On Aug. 14, an administrative law judge will hear an appeal by the Birmingham Water Works Board challenging the permit of the Shepherd’s Bend Mine project. Officials with the BWWB say the mine will affect the drinking water for 200,000 customers.
Shepherd’s Bend Mine, owned by members of the Drummond family, is proposed for an area near the Mulberry Fork of the Black Warrior River, about five miles south of Cordova.
The mine, which is ultimately planned to cover 1,773 acres, would discharge water from its settlement ponds into the river — about 800 feet from the intake for the BWWB’s Western Filtration Plant.
The plant treats the drinking water for much of the greater Birmingham area, including Jasper.
Water board officials say the discharge from the mine could mean higher treatment costs for customers as well as drinking water that tastes bad and stains clothes and bath tubs.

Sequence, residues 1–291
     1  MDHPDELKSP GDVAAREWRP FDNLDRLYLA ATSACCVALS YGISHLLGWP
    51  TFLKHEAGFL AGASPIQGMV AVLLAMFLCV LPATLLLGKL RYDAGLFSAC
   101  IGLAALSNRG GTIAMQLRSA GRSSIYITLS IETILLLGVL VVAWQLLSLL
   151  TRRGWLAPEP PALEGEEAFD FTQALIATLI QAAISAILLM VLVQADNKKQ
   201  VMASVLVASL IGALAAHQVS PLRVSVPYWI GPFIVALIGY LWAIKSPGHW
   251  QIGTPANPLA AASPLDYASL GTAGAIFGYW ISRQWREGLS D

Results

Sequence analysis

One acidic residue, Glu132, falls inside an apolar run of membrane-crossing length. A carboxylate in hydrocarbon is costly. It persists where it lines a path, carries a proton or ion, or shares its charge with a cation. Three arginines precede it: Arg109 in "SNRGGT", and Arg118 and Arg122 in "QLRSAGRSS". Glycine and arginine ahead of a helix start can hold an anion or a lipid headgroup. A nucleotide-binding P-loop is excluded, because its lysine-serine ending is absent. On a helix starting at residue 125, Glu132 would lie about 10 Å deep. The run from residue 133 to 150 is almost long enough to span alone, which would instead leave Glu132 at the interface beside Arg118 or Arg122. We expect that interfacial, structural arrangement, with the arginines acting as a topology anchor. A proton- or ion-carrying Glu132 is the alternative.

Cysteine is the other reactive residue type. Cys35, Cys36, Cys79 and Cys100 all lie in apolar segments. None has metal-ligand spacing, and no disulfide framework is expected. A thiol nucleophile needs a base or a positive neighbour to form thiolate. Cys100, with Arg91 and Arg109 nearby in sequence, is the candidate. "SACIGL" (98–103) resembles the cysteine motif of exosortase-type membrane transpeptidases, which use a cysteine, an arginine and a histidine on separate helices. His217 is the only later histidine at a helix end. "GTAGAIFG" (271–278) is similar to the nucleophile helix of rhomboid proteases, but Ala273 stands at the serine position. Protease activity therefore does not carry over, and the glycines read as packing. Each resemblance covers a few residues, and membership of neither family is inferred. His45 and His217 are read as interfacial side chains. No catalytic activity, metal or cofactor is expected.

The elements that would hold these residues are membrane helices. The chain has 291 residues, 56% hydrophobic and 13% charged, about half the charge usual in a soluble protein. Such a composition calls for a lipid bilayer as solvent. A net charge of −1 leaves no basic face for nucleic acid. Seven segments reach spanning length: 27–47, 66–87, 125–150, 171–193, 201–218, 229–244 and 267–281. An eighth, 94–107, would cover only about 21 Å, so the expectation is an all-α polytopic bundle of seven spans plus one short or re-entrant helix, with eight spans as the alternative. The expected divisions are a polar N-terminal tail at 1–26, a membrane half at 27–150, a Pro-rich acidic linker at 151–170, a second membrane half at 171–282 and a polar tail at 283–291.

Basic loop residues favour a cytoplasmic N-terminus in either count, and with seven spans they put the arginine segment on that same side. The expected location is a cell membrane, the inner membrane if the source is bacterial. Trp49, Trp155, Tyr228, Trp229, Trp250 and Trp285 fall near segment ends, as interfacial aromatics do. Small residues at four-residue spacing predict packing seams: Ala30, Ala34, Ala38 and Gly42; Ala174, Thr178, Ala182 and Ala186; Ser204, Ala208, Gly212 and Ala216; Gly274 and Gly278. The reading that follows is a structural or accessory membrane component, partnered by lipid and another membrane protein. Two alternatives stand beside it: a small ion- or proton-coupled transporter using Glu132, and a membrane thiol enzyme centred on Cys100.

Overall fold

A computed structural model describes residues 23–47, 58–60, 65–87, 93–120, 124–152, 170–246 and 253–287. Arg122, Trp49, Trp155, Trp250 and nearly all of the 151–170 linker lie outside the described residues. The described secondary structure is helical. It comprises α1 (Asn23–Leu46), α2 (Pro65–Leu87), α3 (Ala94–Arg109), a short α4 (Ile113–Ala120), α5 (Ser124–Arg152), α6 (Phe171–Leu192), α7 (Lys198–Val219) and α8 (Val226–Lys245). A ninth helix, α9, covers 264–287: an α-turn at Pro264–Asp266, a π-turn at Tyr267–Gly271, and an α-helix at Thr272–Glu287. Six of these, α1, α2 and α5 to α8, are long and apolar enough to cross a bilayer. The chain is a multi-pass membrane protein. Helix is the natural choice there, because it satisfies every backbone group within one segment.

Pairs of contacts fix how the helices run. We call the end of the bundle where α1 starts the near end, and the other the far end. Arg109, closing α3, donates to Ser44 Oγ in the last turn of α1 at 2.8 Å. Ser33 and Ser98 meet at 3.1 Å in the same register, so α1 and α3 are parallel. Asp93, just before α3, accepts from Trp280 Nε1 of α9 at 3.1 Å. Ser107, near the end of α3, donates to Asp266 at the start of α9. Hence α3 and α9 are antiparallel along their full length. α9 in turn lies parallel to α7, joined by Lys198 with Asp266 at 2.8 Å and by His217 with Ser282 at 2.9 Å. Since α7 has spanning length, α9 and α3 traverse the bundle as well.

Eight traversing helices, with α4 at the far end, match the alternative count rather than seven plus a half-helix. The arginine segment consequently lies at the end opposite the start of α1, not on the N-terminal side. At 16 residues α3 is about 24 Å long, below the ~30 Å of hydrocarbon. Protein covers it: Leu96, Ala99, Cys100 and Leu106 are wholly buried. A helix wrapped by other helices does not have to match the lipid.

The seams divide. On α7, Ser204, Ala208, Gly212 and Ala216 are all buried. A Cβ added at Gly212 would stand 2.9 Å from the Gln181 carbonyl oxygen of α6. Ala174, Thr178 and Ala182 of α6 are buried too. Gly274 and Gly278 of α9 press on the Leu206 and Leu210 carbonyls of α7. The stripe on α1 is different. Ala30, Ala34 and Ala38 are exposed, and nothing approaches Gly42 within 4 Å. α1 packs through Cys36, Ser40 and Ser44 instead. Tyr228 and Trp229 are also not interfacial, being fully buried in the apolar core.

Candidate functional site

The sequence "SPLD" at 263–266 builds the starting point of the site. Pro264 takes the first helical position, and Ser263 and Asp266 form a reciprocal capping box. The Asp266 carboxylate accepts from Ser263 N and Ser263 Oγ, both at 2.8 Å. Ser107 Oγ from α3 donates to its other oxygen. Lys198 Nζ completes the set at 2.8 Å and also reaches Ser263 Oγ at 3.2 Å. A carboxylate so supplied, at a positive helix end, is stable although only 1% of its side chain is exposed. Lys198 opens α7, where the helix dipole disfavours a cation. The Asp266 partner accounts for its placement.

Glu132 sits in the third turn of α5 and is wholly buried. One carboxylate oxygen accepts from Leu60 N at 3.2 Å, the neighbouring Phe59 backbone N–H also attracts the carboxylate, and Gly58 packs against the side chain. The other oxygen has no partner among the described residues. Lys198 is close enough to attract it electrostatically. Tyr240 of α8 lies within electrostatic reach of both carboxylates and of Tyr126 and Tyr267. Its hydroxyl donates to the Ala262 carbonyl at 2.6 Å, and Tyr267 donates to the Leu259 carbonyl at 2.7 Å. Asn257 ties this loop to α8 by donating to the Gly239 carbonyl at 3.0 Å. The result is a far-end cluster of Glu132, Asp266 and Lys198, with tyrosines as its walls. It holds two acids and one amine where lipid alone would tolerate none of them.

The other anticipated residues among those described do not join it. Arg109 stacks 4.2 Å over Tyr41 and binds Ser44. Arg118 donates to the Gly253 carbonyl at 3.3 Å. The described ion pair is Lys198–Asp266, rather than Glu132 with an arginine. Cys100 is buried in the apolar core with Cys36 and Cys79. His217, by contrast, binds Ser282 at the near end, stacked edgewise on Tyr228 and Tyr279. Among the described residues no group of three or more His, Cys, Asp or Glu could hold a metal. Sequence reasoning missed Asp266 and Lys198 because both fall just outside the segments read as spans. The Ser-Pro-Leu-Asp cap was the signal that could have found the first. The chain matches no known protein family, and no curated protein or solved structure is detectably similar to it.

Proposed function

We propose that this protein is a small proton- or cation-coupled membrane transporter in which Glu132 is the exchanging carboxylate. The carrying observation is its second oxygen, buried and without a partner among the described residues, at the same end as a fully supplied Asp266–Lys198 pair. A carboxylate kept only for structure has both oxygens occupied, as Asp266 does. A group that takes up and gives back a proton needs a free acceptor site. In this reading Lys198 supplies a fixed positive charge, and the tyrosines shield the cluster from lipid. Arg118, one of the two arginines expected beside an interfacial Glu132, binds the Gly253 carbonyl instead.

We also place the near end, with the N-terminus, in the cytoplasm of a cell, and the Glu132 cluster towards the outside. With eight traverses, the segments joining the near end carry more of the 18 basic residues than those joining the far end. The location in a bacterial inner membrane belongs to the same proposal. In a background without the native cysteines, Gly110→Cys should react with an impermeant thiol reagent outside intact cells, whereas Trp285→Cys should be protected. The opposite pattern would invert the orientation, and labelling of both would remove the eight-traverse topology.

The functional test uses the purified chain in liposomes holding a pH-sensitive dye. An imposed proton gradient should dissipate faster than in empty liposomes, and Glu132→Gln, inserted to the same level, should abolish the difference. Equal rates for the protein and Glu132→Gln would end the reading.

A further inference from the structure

In the last two years, several conservation groups have challenged the Shepherd’s Bend Mine permit.
Black Warrior Riverkeeper and the Southern Environmental Legal Center have taken every opportunity to appeal the mine’s application — demanding hearings with agencies like the Alabama Department of Environmental Management and the Alabama Surface Mining Commission.
So far, the project has made it through every regulatory hurdle and appeal. However, the conservation groups say the agencies have rubber-stamped the mine’s permit without ensuring that proper safeguards to protect the area’s drinking water.
Much of the land for the proposed mine is owned by the University of Alabama.
Black Warrior Riverkeeper and several student organizations have urged UA trustees to publicly affirm that they will not lease the land for the Shepherd’s Bend project.
Representatives with the university have maintained that they have not been approached about leasing the land and have no plans to do so.